It can also be other tragedies.
"After Sandy Hook happened, that triggered my insomnia again," she said. "They were just babies."
Mass shooting survivors also have to contend with survivor's guilt.
"It took a very, very long time for me to allow my parents to hug me," Mendo said, "because I almost felt guilty ... because there were some parents that weren't able to hold their children that night."
Richman's death in Newtown came days after what police say was the apparent suicides of two Parkland, Florida, teenagers.
One of the teenagers,19-year-old Sydney Aiello, who was found dead on March 17, was a recent graduate of Parkland's Marjory Stoneman Douglas High School and lost her good friend, Meadow Pollack, in the Feb. 14, 2018, mass shooting there that killed 16 other students and educators.
Aiello's mother, Cara Stein-Aiello, told CBS's Miami station her daughter struggled with survivor's guilt and was diagnosed with post-traumatic stress disorder.
"It was devastating to bury another beautiful young person in Parkland," tweeted Pollack's brother, Hunter. "Our community is going through tragedy again."
"Trauma is something that doesn’t leave us after we experience it," Christian Burgess, director of the Disaster Distress Helpline, part of the National Suicide Prevention Lifeline, told ABC News on Tuesday. "When anyone experiences any type of traumatic event where their life was threatened or the life of someone they care about was threatened, and they survive that phenomenon, it leaves the potential for severe to very severe mental health concerns such as depression, substance abuse, persistent and serious anxiety or suicidal thoughts and gestures."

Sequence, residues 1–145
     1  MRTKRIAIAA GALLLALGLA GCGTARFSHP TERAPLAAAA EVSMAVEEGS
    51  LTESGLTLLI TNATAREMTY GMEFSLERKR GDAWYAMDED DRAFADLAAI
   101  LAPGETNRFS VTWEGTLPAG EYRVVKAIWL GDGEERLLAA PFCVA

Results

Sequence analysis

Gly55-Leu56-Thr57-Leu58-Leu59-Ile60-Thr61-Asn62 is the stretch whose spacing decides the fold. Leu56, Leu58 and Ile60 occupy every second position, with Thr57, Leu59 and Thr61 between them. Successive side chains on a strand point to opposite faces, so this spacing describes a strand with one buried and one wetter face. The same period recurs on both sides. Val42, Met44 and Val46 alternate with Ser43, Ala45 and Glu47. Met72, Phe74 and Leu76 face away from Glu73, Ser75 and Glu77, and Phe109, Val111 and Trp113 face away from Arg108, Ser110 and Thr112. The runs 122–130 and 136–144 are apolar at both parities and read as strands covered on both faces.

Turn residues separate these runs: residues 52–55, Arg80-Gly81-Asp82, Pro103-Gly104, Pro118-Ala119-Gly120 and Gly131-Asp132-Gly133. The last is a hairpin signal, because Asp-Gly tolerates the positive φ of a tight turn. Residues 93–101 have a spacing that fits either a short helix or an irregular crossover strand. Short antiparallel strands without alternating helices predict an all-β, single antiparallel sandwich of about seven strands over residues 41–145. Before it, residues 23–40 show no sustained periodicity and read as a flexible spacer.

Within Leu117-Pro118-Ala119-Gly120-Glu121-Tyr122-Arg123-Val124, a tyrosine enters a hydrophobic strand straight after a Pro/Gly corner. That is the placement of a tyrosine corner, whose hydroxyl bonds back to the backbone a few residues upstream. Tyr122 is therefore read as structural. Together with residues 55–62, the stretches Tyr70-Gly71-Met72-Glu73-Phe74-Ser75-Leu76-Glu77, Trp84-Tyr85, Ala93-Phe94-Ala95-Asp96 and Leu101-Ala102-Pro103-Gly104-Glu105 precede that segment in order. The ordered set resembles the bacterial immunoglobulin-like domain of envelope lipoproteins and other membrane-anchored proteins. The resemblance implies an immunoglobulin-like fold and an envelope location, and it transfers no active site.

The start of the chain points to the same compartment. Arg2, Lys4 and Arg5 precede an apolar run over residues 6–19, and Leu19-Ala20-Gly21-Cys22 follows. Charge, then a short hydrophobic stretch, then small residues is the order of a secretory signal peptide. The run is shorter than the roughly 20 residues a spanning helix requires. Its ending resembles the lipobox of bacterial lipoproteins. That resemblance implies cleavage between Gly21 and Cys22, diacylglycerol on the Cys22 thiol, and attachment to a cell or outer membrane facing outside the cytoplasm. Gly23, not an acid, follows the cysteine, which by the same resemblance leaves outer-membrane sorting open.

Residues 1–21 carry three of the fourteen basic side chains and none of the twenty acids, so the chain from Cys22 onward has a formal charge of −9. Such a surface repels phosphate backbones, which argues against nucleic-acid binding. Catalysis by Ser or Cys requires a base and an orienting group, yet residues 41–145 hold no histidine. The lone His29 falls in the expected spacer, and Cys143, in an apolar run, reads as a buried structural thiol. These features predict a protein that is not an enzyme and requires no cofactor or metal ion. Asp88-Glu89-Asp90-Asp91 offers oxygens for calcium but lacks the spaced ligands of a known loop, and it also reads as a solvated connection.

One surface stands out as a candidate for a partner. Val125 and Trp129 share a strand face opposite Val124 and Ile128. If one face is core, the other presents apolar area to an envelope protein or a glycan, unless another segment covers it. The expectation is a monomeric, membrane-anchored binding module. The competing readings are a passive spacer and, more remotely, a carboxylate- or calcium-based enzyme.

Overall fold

About 60 percent "of people that are touched by a disaster are able to bounce back fairly quickly, particularly with the support from loved ones," Burgess said, while about 40 percent “may exhibit severe to very severe mental health concerns.”
In the wake of Parkland's two suicides, the Jewish Adoption and Family Care Options (JAFCO), a non-profit social services agency in the Coral Springs and Parkland community, hosted an emergency meeting Sunday with therapists, CEOs of mental health agencies, concerned parents and several parents of Parkland shooting victims who wanted to help.
The "overwhelming emotion in the room was really care and concern," Sarah Franco, executive director of JAFCO, told ABC News on Monday.
Franco said she helped create a community center where students, teachers, parents, faculty and first responders are offered a sense of togetherness, people to confide in and wellness practices including yoga, tai chi and acupuncture.